Nuclear power and high sea water temperatures (pdf 0.5 MB)
This text addresses the deliberate reduction of reactor power performed when sea water temperatures become unusually high. It would be possible to adapt the reactors so that they may be operated at full power even when the sea warms. The reason for the existing temperature limitations is the economic optimisation on which the design of the reactor has been based. The cost of occasional production losses on warm summer days has been weighed against the increased costs of designing the plant for high sea water temperatures. Read the full text here.
Fukushima – the first observations inside reactor 2
Last week Tepco reported that for the first time a camera and measurement devices had been inserted inside below the reactor pressure vessel of reactor 2 in Fukushima. Here are a few comments on the observations from the exercise, followed by links to pictures and other information. Read the full text here.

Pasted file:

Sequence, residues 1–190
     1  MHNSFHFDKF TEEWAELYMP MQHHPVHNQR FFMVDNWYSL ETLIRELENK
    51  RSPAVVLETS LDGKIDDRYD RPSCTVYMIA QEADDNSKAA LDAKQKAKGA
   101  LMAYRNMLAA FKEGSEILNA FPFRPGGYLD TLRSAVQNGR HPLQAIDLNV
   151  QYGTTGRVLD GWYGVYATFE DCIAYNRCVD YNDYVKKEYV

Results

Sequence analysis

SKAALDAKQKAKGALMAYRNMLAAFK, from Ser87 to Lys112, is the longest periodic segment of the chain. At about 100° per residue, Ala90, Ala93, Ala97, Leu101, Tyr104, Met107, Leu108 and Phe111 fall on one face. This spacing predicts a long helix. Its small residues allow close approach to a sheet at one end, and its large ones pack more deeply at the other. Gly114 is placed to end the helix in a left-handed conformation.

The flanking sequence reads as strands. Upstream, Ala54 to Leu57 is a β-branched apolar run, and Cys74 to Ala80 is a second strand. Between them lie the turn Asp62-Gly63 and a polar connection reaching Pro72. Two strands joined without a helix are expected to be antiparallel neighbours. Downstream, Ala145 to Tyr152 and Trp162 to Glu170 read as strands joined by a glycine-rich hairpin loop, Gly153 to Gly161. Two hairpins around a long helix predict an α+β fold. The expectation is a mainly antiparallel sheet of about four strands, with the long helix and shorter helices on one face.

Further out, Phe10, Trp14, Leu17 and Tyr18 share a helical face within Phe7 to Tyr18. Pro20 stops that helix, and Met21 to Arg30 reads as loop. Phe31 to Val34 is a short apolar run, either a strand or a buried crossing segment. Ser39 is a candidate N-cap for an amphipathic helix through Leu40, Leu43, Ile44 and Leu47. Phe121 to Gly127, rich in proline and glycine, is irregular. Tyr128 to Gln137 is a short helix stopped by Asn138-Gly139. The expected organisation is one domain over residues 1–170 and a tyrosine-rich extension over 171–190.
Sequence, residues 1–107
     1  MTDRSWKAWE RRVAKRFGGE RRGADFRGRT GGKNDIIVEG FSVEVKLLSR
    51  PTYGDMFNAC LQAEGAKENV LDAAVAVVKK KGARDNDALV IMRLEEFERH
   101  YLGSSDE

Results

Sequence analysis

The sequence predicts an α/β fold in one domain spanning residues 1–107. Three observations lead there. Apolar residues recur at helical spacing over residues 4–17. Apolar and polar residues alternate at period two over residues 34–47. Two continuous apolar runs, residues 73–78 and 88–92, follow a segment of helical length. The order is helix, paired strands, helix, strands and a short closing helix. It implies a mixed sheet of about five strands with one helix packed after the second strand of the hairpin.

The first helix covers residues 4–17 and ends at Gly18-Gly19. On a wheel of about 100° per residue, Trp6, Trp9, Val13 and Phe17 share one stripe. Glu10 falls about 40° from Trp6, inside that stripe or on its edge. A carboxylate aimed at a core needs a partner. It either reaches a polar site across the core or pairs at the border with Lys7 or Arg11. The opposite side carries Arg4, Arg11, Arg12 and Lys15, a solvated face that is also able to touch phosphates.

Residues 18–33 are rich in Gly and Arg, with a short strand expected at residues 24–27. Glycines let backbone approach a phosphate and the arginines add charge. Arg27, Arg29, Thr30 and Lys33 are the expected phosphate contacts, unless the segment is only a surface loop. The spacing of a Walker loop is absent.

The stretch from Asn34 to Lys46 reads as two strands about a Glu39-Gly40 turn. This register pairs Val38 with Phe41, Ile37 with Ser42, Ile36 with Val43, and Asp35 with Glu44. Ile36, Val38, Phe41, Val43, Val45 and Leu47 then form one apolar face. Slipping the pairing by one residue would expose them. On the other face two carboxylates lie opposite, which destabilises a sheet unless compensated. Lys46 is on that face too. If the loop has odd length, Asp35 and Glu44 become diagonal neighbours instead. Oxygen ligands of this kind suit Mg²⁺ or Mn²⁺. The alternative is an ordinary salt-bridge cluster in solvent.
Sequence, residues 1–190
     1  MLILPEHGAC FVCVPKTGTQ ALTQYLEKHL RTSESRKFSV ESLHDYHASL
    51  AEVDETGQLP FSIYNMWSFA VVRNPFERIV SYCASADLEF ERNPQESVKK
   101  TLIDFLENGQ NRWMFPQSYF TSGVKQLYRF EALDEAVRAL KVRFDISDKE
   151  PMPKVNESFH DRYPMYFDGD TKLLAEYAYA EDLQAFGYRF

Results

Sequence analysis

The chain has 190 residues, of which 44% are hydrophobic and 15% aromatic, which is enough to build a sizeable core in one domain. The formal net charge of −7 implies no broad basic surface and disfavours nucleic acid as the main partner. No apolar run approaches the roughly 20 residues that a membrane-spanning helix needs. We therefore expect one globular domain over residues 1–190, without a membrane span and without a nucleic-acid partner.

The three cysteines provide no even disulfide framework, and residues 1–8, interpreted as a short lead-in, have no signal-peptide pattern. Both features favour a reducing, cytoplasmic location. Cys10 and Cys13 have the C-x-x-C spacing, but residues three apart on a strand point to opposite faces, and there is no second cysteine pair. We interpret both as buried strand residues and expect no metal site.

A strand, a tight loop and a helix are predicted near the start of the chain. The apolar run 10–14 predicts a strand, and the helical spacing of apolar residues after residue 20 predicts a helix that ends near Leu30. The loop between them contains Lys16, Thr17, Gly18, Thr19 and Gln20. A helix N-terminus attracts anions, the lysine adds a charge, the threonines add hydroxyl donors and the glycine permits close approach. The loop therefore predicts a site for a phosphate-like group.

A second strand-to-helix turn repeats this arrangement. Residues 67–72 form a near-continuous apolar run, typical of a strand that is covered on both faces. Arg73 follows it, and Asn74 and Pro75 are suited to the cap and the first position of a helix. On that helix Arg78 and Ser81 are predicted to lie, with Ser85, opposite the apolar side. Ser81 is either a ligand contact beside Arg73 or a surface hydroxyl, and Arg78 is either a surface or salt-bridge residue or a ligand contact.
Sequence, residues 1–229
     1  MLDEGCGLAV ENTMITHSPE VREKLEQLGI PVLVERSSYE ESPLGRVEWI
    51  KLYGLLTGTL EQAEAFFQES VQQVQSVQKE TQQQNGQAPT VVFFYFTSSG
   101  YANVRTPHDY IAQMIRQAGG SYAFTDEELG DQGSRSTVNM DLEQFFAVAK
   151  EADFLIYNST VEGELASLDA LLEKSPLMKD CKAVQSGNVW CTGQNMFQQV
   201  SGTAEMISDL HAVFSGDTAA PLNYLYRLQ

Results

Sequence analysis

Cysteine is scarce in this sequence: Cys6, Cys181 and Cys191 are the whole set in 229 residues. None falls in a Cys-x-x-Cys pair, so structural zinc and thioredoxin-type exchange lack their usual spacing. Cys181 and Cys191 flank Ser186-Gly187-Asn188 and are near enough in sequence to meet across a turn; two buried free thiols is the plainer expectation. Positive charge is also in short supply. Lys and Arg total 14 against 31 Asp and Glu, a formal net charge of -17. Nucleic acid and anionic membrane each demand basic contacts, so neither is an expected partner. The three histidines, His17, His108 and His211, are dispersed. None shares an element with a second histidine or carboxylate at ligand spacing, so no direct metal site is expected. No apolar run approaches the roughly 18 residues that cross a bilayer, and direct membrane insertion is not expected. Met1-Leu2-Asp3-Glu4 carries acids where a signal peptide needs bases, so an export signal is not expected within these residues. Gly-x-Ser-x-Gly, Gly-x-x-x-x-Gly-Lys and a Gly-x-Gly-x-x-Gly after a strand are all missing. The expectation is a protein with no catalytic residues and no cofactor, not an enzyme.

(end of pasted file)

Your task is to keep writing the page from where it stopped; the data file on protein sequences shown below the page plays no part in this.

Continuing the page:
Climate impact of four closed reactors (pdf 0.08 MB)
The announced decisions by Vattenfall and Eon about premature closure of four reactors at the Swedish nuclear power plants Ringhals and Oskarshamn will result in an increased use of electricity generated from fossil fuels in neighbouring countries. Here the climate impact is calculated from a few simple assumptions, and the results are compared with other emissions.
The Swedish energy policy agreement of 10 June 2016 – unofficial english translation (pdf 90 kB)
As there are speculations in international media regarding the meaning of the Swedish energy policy agreement, a translation into english of the original document is supplied here. Read the full text here.
Comments on ”Before the Flood” (pdf 308 kB)
This report comments on some statements in the documentary film ”Before the Flood” by Leonardo DiCaprio. It also responds to some incorrect statements about nuclear power given on the film’s web page. Read the full text here.